overhead. They're getting out to areas particularly to the north of here. The coastline, I guess
you'd call it a lot more rugged and the communities there are a lot more isolated. And some of the
pictures we're seeing from there just indicate that entire towns have just been obliterated.
There's one photograph being carried in the afternoon newspapers here in Japan today that shows a
town that's essentially one building left and all around it is just rubble and debris and there's
just one building left standing in the middle of the town.

LEIGH SALES: You mentioned before the absence of power and water. Just how difficult is that making
the job of the rescue teams?

SHANE MCLEOD: Well, it's interesting. I mean, parts of the city do have electricity, parts of the
city appear to have water supplies, but they've been substantially disrupted right across the city.
So it is making things difficult. We're seeing people having to queue for basic services, for basic
water and food. They're gathering at shops. Some shops are being set up as the distribution points
for that type of thing. There are thousands of people living in aid centres in accommodation that
the Government is providing for them. I've heard of one centre where there's more than 1,500 people
in one hall alone. So, for people who've had their houses, their buildings damaged, they're having
to go into that accommodation. For other people they're in their own homes, but they're having to
rely on these distribution centres for those basic food and water.

LEIGH SALES: What are you hearing about what's going on further north from where you are?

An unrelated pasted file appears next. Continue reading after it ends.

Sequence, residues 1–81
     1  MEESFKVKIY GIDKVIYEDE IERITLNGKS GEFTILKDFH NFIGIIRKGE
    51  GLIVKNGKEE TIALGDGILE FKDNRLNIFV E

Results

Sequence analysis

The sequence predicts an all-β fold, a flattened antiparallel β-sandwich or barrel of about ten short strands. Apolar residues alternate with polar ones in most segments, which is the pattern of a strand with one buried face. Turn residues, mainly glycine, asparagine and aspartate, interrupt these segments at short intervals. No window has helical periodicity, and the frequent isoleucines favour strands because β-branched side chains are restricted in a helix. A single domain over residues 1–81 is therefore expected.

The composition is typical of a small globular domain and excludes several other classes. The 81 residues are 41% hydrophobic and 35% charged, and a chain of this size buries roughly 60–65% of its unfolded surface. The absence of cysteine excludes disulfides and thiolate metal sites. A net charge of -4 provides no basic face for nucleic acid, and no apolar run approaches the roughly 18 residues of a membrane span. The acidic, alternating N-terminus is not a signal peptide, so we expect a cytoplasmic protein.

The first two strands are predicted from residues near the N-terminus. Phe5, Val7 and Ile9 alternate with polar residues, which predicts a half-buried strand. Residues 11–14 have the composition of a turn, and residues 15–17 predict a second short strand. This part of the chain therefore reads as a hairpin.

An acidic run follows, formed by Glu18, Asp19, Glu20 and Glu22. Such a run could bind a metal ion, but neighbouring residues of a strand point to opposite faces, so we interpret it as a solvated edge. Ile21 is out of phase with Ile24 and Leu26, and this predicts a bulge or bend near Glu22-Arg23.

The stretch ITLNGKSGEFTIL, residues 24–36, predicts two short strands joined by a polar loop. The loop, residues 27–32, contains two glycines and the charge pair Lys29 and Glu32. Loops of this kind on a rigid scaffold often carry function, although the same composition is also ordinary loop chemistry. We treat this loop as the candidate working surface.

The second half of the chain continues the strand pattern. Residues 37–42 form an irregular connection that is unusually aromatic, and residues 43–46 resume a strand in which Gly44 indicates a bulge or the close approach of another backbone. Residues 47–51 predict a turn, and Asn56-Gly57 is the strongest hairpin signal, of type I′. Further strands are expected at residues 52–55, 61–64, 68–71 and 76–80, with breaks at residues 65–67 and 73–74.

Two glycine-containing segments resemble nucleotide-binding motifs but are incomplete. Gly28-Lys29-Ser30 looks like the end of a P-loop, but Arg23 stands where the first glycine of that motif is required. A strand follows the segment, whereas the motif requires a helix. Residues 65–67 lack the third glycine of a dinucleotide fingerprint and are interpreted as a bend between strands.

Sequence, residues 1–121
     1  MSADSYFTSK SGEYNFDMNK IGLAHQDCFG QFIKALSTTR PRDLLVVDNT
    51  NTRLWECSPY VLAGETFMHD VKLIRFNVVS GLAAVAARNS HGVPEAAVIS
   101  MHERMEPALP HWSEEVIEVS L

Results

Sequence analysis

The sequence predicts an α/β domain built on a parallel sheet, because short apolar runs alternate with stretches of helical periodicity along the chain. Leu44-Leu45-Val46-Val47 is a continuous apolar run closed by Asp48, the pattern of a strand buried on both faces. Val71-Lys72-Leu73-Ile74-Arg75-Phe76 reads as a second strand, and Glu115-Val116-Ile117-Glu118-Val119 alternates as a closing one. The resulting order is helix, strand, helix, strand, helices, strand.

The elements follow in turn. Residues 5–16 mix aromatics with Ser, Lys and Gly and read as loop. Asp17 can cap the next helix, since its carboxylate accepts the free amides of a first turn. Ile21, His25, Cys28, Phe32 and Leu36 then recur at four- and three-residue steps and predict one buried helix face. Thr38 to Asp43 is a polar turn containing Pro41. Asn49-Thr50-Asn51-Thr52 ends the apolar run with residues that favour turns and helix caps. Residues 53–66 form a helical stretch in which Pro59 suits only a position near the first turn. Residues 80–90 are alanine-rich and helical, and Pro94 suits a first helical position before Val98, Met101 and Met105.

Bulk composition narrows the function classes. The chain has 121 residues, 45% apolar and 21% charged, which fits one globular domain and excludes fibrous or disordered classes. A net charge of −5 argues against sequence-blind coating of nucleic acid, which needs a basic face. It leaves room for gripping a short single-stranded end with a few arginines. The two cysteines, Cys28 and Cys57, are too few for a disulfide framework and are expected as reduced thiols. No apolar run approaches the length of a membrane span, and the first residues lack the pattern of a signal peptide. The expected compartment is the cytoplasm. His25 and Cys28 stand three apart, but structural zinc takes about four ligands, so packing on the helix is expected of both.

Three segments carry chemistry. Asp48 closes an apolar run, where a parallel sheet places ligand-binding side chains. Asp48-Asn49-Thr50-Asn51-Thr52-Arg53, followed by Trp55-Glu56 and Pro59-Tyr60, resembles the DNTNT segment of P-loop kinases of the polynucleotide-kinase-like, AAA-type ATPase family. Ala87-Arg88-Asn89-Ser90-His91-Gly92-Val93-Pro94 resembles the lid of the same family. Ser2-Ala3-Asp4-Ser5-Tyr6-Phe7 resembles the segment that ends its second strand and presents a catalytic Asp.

SHANE MCLEOD: Well, we're hearing about just total destruction, some villages just entirely wiped
out. I know that there was an Australian consular team trying to get into that region today and
it's been immensely difficult for them. They've been going and just trying to check on the welfare
of Australian citizens who are there. But it's very difficult for people to get into those areas.
And the people who've managed to survive, they're left essentially having to fend for themselves
until the Government is able to get services in, but there is a massive effort underway. They're
using helicopters particularly to get into those communities.

LEIGH SALES: And Shane, how much anxiety is there about the nuclear issue that we've been hearing
so much about?

SHANE MCLEOD: Well I think people are very anxious about that and more news just keeps coming out
about that. The difficult problem for the authorities is that these are the very same areas where
they're trying to help people, where these nuclear power plants are located. There's one to the
north of here that is the subject of problems at the moment. There is one obviously to the south of
here, Fukushima, where there's been another explosion today. They seem to bracket the area that's
worst affected by this earthquake. And people are trying to get into those zones, but at the same
time people are being evacuated from the zones because of the threat from those nuclear facilities.

LEIGH SALES: OK, Shane McLeod, we'll leave it there. Take care of yourself. Thankyou very much.

SHANE MCLEOD: Thanks, Leigh.

LEIGH SALES: That was Shane McLeod there in Sendai in northern Japan.